Review: Ugreen’s 4-Port GaN X USB-C Charger Offers Up to 100W Output in a Compact Design
Anyone invested in the Apple ecosystem will have had to confront the need for multiple USB-C ports when they’re home and away, with iPhones, iPads, and Macs all vying for the connectivity these days. But in many cases, there’s still a lingering need for USB-A to charge older devices, and that’s where Ugreen’s 4-in-1 100W GaN X Fast Charger comes in handy.
The charger packs three USB-C ports along with a single USB-A port, but despite that throwback it offers the latest Gallium Nitride technology, which is popular with modern power adapters because it allows for better power efficiency that results in smaller product designs more suited for travel.
I had the opportunity to test Ugreen’s multi-port charger in both its UK and US variants, and the first thing to note is that the US version is the more portable design. It’s a slender square brick that fits in the palm of your hand – it’s a little smaller than Apple’s 67W UK charger that comes with the 14-inch MacBook Pro, and benefits from the two-pin A plug’s ability to fold away inside the body.
By contrast, the UK model has more of a bulky cuboid shape with rounded corners, and the three-pin D plug isn’t foldaway or retractable, making it harder to slip it neatly into a travel bag without snagging on something.
Other than that, both models are functionally identical and feature a built-in “Power-X” power delivery system that can intelligently adjust the power output to protect a device’s battery. Essentially, the power distribution system allows the charger to adjust the power provided to each port based on what’s plugged in. The top two ports are capable of delivering a maximum of 100W, while the third is capable of up to 22.5W, and the bottom USB-A port offers 22.5W.
Ugreen claims that this means it can charge an iPhone 13 to 60% in 30 minutes or fully charge a 16-inch MacBook Pro in 1.5 hours, and thanks to the latest GaN chipset, it’s three times faster than Apple’s standard iPhone charger. Those claims stood up to scrutiny in my tests, although the big caveat here of course is that they only apply when one device is plugged into the charger and in the relevant port for its power requirements.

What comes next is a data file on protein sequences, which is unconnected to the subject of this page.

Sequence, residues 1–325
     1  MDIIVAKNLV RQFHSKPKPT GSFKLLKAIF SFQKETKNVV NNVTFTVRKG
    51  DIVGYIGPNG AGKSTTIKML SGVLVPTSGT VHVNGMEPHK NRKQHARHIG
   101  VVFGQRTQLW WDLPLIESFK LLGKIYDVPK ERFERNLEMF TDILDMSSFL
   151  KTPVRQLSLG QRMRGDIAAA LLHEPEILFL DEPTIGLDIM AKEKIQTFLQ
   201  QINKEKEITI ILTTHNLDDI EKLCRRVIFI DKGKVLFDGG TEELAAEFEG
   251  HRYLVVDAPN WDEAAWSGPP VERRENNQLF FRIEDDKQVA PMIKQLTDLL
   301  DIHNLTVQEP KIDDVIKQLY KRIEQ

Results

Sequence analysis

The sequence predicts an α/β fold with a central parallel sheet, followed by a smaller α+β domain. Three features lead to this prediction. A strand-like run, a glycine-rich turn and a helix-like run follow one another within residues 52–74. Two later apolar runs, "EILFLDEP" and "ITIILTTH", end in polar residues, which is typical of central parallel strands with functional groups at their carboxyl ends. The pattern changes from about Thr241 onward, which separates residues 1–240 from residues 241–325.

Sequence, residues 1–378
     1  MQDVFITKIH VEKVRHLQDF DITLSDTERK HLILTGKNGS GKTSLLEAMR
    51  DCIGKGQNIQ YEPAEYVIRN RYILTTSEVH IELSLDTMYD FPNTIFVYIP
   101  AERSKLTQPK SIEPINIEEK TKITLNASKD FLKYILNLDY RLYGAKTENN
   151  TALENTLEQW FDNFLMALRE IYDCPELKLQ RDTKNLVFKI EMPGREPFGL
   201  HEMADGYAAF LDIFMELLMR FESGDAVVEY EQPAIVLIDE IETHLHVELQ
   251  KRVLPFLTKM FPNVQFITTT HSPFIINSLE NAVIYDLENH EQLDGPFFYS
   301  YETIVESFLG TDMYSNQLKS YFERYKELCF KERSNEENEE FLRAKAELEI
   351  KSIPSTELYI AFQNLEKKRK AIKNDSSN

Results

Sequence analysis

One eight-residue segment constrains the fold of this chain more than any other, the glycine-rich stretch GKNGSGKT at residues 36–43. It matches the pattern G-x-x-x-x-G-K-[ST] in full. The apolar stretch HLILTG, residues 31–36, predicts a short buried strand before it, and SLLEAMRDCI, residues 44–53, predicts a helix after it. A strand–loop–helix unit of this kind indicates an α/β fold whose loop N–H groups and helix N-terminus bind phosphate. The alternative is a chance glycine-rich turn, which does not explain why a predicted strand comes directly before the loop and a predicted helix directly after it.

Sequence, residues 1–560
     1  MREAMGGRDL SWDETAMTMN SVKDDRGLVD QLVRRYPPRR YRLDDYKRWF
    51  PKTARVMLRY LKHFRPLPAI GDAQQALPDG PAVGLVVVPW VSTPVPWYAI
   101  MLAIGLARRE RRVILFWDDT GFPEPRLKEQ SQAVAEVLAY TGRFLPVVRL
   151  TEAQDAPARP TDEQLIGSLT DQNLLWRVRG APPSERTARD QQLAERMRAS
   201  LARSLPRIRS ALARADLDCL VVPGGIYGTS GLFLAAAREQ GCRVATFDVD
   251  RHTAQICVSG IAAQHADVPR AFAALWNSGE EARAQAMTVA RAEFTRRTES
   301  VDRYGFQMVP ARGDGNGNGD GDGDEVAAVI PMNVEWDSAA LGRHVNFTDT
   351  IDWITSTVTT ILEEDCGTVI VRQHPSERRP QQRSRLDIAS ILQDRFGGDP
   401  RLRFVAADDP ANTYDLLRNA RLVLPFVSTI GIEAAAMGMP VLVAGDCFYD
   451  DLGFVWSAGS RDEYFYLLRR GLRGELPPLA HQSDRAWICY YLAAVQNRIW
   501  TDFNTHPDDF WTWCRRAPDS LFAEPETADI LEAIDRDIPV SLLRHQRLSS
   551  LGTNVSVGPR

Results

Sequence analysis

Ugreen includes a graphic (shown above) that explains the variable wattage of the different ports based on what’s plugged in. For example, if you have two devices connected to the first two (100W) ports, the top port outputs 65W and the second port delivers just 30W. As you’d expect, the charger’s power output gets divvied up further the more devices you connect. For instance, when all four ports are occupied, the first (100W) port tops out at 45W, so you have to consider what you’re plugging in if you want to prioritize a particular device for fast charging at maximum wattage.
Unfortunately neither the US nor the UK model has the max wattage marked on the individual ports, so I wasn’t always sure which port was the right one to use to get, say, the full 100W to power my MacBook Pro, but it didn’t take too long for me to memorize them so I didn’t have to keep referring back to the included manual. Remembering all the variable combinations however is a little more tricky – it’s better off simply accepting that the more devices you’re charging, the longer they’ll all take to reach full battery capacity.
The chargers also feature an “Over Temperature Protection” system that takes five temperature readings every second for extra security, which is the kind of feature that’s not obvious but is nevertheless good to know exists.
Ugreen could have designed this 4-in-1 charger to be larger unit with a fixed power output to several USB-C devices, but instead it has opted for a more compact brick with variable power distribution. This shouldn’t be a problem if you intend to use it to charge a number of devices overnight, but if you’re looking to fast charge a single power-hungry device like a MacBook Pro then you’re better off treating this as a solo charger or opting for a more bulky alternative.
The addition of a USB-A port is a welcome nod to the number of older devices still in circulation, and adds to the charger’s flexibility, even if that does mean sacrificing a fourth USB-C port. All in all, this makes the Ugreen 100W Charger an accommodating, travel-friendly unit (especially the US variant) that’s certainly worth having on hand when you’re away.
The Ugreen 100W Mulitport Charger is available to order now for $79.99 (or $63.99 with coupon applied) and £79.99 on Amazon US and Amazon UK websites, respectively.